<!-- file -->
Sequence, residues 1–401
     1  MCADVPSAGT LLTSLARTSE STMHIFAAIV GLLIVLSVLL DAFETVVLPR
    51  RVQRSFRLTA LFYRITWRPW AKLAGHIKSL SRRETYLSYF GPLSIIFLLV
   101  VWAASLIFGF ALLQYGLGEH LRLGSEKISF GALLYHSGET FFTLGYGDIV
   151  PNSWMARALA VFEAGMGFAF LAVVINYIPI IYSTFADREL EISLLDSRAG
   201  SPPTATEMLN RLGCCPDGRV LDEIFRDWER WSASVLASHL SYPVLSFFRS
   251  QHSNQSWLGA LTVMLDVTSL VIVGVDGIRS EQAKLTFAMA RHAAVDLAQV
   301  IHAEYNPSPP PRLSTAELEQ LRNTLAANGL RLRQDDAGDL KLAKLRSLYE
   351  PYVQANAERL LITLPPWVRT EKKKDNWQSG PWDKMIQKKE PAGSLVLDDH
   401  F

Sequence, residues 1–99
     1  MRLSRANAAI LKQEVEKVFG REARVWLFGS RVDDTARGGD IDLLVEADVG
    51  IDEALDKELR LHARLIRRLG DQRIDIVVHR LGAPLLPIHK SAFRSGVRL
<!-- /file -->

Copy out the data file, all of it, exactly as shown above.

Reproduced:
Sequence, residues 1–401
     1  MCADVPSAGT LLTSLARTSE STMHIFAAIV GLLIVLSVLL DAFETVVLPR
    51  RVQRSFRLTA LFYRITWRPW AKLAGHIKSL SRRETYLSYF GPLSIIFLLV
   101  VWAASLIFGF ALLQYGLGEH LRLGSEKISF GALLYHSGET FFTLGYGDIV
   151  PNSWMARALA VFEAGMGFAF LAVVINYIPI IYSTFADREL EISLLDSRAG
   201  SPPTATEMLN RLGCCPDGRV LDEIFRDWER WSASVLASHL SYPVLSFFRS
   251  QHSNQSWLGA LTVMLDVTSL VIVGVDGIRS EQAKLTFAMA RHAAVDLAQV
   301  IHAEYNPSPP PRLSTAELEQ LRNTLAANGL RLRQDDAGDL KLAKLRSLYE
   351  PYVQANAERL LITLPPWVRT EKKKDNWQSG PWDKMIQKKE PAGSLVLDDH
   401  F

Sequence, residues 1–99
     1  MRLSRANAAI LKQEVEKVFG REARVWLFGS RVDDTARGGD IDLLVEADVG
    51  IDEALDKELR LHARLIRRLG DQRIDIVVHR LGAPLLPIHK SAFRSGVRL